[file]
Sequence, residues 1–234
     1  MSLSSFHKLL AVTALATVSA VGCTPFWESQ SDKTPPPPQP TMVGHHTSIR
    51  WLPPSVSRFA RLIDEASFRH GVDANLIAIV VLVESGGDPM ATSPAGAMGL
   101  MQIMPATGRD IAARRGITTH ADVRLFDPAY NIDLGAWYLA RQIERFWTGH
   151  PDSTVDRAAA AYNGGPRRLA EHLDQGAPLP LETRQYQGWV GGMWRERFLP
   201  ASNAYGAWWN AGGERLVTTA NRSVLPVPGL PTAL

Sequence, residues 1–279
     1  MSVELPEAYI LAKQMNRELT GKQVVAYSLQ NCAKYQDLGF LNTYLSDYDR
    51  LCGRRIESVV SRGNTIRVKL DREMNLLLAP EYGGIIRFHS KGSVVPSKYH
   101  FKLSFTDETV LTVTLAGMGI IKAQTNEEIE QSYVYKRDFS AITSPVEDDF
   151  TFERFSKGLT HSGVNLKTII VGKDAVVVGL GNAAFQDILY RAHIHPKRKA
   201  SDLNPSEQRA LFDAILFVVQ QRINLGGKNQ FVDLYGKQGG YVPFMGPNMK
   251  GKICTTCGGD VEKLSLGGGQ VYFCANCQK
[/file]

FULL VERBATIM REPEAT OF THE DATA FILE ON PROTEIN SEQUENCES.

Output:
Sequence, residues 1–234
     1  MSLSSFHKLL AVTALATVSA VGCTPFWESQ SDKTPPPPQP TMVGHHTSIR
    51  WLPPSVSRFA RLIDEASFRH GVDANLIAIV VLVESGGDPM ATSPAGAMGL
   101  MQIMPATGRD IAARRGITTH ADVRLFDPAY NIDLGAWYLA RQIERFWTGH
   151  PDSTVDRAAA AYNGGPRRLA EHLDQGAPLP LETRQYQGWV GGMWRERFLP
   201  ASNAYGAWWN AGGERLVTTA NRSVLPVPGL PTAL

Sequence, residues 1–279
     1  MSVELPEAYI LAKQMNRELT GKQVVAYSLQ NCAKYQDLGF LNTYLSDYDR
    51  LCGRRIESVV SRGNTIRVKL DREMNLLLAP EYGGIIRFHS KGSVVPSKYH
   101  FKLSFTDETV LTVTLAGMGI IKAQTNEEIE QSYVYKRDFS AITSPVEDDF
   151  TFERFSKGLT HSGVNLKTII VGKDAVVVGL GNAAFQDILY RAHIHPKRKA
   201  SDLNPSEQRA LFDAILFVVQ QRINLGGKNQ FVDLYGKQGG YVPFMGPNMK
   251  GKICTTCGGD VEKLSLGGGQ VYFCANCQK